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Yo, college students: Here's some tips on riding the CTA

Public TransportationChicago Transit AuthorityVentraRegional Transportation AuthorityPace Bus

Backpack, check. Books, check. Ventra card, double check.

It's school time, and in Chicago that means an influx of college students navigating new classes and dorms as well as figuring out how to use the CTA.

It’s been more than a year since the CTA began its transition to Ventra, which replaced the previous CTA fare payment system in July. College students last year were among the first to try Ventra, distributed by their colleges as U-Passes, which provide unlimited rides during their school term.

Sixty schools are enrolled in the discount U-Pass program, up from 50 schools in 2009. Nearly 129,600 students will use U-Passes in the fall, the CTA said.

Some students experienced problems last year during the initial stages of transition. Some reported they had to tap their card multiple times for entry while others said their cards reported low balances, even though their cards allowed for unlimited rides.

The CTA last year slowed its transition to Ventra so Ventra vendor Cubic Transportation Systems could address those and other glitches that the CTA says have been fixed.

For those who have just moved to Chicago, Ventra and the CTA will be unfamiliar. The Regional Transportation Authority, the funding arm for the CTA and suburban Metra rail and Pace bus systems, says the CTA is an easy, convenient way to get around town.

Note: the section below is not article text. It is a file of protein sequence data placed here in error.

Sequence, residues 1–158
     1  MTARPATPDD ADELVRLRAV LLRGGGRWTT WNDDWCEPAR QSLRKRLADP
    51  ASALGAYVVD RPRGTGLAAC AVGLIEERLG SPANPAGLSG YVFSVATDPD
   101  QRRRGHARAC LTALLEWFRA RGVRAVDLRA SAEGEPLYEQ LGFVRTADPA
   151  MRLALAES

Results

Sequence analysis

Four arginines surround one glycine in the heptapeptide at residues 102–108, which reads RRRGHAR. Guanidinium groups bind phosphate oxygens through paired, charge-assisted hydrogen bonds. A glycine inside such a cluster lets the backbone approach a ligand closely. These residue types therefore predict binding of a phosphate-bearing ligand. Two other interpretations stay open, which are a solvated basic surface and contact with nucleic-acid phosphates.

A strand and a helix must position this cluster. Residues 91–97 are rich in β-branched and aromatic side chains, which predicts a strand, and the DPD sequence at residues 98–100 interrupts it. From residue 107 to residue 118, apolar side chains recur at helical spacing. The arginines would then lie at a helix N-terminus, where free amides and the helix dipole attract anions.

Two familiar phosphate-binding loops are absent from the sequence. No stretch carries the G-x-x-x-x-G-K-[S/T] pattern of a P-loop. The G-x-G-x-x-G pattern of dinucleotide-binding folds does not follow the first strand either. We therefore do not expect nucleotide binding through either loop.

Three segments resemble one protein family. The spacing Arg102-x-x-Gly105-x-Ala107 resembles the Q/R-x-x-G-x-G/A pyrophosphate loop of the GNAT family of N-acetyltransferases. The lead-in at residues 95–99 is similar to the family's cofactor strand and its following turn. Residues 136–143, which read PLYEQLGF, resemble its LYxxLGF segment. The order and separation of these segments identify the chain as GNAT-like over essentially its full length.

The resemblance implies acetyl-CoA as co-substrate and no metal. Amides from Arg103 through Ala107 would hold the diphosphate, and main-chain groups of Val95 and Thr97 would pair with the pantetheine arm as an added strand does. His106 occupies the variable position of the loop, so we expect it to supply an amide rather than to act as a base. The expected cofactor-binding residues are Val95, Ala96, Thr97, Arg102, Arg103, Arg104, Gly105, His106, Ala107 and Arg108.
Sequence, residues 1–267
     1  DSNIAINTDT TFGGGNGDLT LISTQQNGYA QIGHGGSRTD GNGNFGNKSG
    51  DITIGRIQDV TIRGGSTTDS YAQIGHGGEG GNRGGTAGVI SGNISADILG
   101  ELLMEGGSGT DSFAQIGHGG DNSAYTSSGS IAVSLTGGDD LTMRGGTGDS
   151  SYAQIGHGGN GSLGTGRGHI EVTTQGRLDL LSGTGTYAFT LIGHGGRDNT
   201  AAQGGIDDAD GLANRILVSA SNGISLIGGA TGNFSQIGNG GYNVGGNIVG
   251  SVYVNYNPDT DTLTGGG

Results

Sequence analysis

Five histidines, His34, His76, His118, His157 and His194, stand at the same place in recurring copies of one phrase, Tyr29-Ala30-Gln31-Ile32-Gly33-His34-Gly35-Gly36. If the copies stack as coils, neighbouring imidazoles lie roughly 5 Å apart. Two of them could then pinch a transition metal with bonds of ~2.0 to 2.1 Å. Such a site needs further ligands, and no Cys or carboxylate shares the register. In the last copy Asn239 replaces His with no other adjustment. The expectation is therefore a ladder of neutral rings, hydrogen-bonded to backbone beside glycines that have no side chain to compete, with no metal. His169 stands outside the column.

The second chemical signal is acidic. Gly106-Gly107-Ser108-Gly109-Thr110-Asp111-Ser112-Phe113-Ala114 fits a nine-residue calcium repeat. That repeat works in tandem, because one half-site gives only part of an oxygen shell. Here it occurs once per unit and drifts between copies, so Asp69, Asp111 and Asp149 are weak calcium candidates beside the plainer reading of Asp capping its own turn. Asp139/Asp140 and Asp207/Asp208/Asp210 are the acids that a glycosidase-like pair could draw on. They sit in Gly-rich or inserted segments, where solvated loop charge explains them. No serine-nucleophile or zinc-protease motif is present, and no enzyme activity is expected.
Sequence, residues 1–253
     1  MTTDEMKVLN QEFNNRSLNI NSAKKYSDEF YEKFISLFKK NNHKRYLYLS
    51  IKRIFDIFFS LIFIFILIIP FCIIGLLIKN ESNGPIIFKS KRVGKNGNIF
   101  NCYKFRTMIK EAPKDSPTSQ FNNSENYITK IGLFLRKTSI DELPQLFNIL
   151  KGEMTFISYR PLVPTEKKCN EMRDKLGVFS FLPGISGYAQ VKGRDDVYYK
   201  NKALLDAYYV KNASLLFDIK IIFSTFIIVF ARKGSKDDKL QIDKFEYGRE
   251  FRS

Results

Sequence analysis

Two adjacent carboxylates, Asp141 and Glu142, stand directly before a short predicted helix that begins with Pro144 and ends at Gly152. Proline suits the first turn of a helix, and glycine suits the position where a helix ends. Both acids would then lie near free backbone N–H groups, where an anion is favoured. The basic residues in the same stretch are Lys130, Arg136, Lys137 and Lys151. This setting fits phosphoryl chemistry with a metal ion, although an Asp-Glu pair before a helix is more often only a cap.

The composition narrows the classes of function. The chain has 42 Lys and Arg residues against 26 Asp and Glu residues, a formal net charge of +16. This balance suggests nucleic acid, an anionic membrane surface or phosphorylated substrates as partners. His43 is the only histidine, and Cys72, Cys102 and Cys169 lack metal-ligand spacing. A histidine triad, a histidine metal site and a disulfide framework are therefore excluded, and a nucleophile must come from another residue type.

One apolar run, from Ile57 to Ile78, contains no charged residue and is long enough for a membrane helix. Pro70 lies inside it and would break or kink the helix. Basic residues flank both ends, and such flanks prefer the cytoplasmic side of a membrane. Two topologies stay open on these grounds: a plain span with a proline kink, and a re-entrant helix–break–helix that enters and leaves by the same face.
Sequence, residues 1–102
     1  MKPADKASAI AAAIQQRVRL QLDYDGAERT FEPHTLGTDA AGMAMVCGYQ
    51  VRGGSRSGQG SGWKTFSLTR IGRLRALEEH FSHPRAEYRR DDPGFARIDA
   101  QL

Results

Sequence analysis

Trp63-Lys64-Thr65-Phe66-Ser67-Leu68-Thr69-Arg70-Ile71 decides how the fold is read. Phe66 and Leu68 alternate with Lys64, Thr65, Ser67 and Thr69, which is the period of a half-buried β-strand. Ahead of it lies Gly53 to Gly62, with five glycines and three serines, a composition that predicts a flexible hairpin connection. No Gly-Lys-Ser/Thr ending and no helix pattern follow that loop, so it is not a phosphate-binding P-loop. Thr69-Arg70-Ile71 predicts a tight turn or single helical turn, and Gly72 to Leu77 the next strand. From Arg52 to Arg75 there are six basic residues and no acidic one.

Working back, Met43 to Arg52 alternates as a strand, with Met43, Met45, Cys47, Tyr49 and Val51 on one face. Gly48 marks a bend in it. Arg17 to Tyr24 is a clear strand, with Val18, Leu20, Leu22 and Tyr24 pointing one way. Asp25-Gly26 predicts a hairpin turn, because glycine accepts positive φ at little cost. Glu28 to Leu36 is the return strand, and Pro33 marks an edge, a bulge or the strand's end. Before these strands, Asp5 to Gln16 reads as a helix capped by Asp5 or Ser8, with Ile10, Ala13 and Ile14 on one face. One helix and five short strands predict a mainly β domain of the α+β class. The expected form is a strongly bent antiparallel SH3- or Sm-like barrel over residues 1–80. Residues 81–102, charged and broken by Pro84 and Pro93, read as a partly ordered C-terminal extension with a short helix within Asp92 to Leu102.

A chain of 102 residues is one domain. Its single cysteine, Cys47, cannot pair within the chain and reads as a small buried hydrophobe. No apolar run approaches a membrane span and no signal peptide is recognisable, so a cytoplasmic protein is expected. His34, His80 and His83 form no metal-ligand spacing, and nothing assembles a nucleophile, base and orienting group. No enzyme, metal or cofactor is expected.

“We have a world-class public transit system that offers students with safe, convenient and affordable transportation,” Acting RTA Executive Director Leanne Redden said in a statement.

If you are new to Chicago, here are RedEye’s tips for riding the CTA and using Ventra.

  • Always be aware of your surroundings. Avoid listening to music so you can hear what is going on around you. If you encounter suspicious activity, tell a station customer service agent or bus driver immediately. If you are on a train, press the call button in the car to alert the train operator.
  • If you have a smartphone, be careful where you take it out on the system. There were 228 incidents of electronics thefts systemwide from January through March, according to Chicago police statistics. This represented a 36 percent decrease from the same period in 2013.
  • Stay away from platform edges while waiting for trains. If you drop something on the tracks, don’t try to retrieve it yourself. Tell a CTA employee immediately.
  • Don’t throw away your U-Pass. The pass is good for up to five years and automatically reactivates when the next full-time term begins. The replacement fee for lost Ventra cards is $50.
  • Take your Ventra card out of your wallet to tap it. The CTA operates on a contactless system, which can scan some personal bank cards. Make sure to take the Ventra card out so you are not getting double charged for CTA rides.
  • U-Passes work during school terms only. Between school sessions, students are responsible for loading their cards with money or passes. Check balances online at ventrachicago.com. If you have a negative balance at the start of the semester, U-Pass riding privileges will be suspended.
Copyright © 2014, The Baltimore Sun
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Public TransportationChicago Transit AuthorityVentraRegional Transportation AuthorityPace Bus
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